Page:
Another Monroe field goal, this one from 28 yards, narrowed the Minnesota deficit to 20-6, but Ohio State answered with a 74-yard drive that took just six plays and less than three minutes. Pryor capped the drive with a 1-yard TD run on a bootleg. Pretorius' extra point made it 27-6 with 7:37 remaining in the third quarter.
Boeckman's TD pass to Robiskie on the first play of the fourth quarter gave the Buckeyes their biggest lead of the game, 34-6 with 14:55 remaining. Minnesota scored the final two touchdowns of the afternoon to set the final margin.
Minnesota quarterback Adam Weber completed 23 of 36 passes for 187 yards and a touchdown. He also had a pass intercepted and lost a fumble. Running back DeLeon Eskridge was the Gophers’ leading rusher with 18 carries for 76 yards, and was also his team’s top receiver in the game with eight catches for 55 yards.
Boeckman completed 5 of 9 passes during his afternoon, good for 65 yards and a score. Herron added 50 yards on 10 carries, and Robiskie was far and away Ohio State’s leading receiver with eight catches for 90 yards and his two touchdowns. No other Buckeye had more than two receptions.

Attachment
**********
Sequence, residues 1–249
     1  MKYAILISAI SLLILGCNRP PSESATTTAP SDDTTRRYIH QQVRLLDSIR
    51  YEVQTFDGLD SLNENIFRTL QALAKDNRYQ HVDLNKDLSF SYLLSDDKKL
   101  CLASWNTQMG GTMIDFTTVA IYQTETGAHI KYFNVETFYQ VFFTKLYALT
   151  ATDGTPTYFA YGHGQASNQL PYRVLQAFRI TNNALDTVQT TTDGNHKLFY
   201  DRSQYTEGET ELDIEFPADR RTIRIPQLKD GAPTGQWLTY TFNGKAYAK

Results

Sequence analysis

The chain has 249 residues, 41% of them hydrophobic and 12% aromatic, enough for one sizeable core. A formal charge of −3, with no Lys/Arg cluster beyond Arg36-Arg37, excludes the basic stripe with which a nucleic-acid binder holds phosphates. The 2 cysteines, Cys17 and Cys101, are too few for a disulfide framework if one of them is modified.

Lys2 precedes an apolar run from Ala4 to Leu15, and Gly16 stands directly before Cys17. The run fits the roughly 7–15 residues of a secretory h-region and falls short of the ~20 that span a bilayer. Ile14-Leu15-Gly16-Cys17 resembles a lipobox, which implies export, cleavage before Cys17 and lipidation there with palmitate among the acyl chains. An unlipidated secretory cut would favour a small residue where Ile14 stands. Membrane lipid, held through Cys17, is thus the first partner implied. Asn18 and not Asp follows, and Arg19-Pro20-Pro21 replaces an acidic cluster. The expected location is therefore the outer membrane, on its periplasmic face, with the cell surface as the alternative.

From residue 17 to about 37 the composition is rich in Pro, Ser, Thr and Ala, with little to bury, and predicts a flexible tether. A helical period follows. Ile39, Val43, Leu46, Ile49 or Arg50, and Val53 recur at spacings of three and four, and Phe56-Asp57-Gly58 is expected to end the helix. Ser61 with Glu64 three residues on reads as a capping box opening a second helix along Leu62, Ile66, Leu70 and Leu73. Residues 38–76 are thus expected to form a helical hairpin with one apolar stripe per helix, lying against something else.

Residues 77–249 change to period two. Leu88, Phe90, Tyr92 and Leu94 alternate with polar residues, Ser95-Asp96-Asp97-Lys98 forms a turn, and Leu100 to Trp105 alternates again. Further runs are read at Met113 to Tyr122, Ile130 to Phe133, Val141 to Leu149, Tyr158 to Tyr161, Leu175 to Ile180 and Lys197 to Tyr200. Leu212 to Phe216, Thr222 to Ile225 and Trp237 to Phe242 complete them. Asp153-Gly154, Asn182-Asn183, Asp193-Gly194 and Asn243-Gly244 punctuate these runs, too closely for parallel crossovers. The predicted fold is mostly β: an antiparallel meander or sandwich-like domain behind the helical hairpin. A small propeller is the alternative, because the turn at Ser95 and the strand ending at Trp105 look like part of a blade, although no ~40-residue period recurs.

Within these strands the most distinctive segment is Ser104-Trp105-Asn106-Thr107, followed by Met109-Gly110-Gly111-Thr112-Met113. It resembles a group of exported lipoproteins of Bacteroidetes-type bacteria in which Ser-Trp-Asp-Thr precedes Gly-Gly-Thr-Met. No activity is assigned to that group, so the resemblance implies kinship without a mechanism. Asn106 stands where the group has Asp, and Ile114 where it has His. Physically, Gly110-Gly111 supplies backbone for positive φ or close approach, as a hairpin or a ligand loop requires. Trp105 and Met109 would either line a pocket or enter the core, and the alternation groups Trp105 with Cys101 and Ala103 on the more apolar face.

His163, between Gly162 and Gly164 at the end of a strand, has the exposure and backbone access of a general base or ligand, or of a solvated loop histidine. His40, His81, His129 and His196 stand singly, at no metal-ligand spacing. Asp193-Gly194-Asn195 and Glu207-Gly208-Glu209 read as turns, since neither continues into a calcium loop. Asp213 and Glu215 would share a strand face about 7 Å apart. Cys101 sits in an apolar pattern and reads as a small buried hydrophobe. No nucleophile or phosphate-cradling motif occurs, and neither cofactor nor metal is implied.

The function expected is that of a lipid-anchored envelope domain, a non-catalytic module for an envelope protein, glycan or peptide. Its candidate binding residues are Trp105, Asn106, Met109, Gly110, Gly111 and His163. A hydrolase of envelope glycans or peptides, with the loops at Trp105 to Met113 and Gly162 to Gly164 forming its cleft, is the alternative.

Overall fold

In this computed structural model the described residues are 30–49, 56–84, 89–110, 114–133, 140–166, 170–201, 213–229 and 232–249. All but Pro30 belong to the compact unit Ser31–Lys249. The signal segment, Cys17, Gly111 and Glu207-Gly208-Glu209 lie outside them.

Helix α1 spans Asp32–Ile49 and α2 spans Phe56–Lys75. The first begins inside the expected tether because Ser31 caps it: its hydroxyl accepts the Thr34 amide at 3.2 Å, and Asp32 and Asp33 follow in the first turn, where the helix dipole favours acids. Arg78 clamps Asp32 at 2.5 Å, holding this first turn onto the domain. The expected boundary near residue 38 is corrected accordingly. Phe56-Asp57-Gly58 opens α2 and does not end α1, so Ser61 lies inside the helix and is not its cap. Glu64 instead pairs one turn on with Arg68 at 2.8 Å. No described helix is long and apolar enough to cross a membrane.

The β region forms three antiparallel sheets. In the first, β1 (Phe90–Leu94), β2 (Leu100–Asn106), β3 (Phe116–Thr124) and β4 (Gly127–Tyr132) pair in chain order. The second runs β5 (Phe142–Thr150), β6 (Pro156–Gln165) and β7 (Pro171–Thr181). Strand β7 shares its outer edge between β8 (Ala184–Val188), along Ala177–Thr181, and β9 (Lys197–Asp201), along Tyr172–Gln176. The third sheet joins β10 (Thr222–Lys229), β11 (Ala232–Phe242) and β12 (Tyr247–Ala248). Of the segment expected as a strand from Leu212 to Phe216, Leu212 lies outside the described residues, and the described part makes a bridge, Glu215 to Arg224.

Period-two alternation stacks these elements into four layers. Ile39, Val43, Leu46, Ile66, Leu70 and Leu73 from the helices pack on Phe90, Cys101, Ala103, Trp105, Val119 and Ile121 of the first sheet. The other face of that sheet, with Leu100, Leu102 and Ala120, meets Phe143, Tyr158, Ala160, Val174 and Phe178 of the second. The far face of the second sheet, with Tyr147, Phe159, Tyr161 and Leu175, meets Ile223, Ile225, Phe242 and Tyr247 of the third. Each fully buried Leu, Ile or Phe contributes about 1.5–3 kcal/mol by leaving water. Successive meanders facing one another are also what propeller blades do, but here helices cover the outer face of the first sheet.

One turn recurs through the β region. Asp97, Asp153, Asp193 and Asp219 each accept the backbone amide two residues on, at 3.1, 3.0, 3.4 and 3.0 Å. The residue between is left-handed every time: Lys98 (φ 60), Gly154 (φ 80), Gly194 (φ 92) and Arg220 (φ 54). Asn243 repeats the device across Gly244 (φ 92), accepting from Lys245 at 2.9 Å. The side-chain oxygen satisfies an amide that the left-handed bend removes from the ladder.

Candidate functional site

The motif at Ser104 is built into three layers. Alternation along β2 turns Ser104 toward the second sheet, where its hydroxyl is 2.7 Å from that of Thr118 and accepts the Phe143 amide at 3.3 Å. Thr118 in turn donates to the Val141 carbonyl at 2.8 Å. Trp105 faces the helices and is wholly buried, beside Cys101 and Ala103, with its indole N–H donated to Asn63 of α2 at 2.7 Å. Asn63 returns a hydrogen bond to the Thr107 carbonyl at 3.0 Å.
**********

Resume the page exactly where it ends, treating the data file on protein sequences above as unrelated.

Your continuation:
On defense, OSU senior linebacker James Laurinaitis once again led his team with a game-high 12 tackles while Adam Homan added 10 to go along with a fumble recovery.
2003: No. 4 Ohio State 20, Northwestern 0: Nearly 60 players saw action for the Buckeyes in a Big Ten rout at Ohio Stadium.
While the Ohio State offense continued to struggle, the Buckeye defense registered its first shutout in nearly five years. The Buckeyes (5-0) allowed Northwestern only two legitimate scoring opportunities and both of those resulted in missed field goals.
"I can't say enough about our defense," OSU head coach Jim Tressel said. "They have worked very hard and did a good job today against an offense that was a pretty good one."
The Wildcats were held to 185 yards of total offense. Northwestern QB Brett Basanez threw for 283 yards against Ohio State in 2002, but the Buckeyes held him to 64 yards passing in '03. Basanez completed only 10 of his 24 passes.
"I thought we had a good scheme for stopping them," OSU defensive tackle Tim Anderson said. "We knew they had some players on offense just based upon what they were able to do against us last year. But we were ready for them and shut them down for the most part."
The Buckeyes drove 59 yards in 10 plays for the game's first score on OSU's first drive. Lydell Ross capped the drive with a 12-yard scoring run.
Quarterback Scott McMillen threw a 1-yard touchdown pass to Ryan Hamby, and kicker Mike Nugent added field goals of 32 and 42 yards. McMillen completed 16 of 25 passes for 166 yards with a touchdown and interception. Ross led the rushing attack with 43 yards on nine carries.
A.J. Hawk recorded 13 tackles. Will Smith finished with 1.5 sacks, and Mike Kudla added another. Bobby Carpenter had half a sack.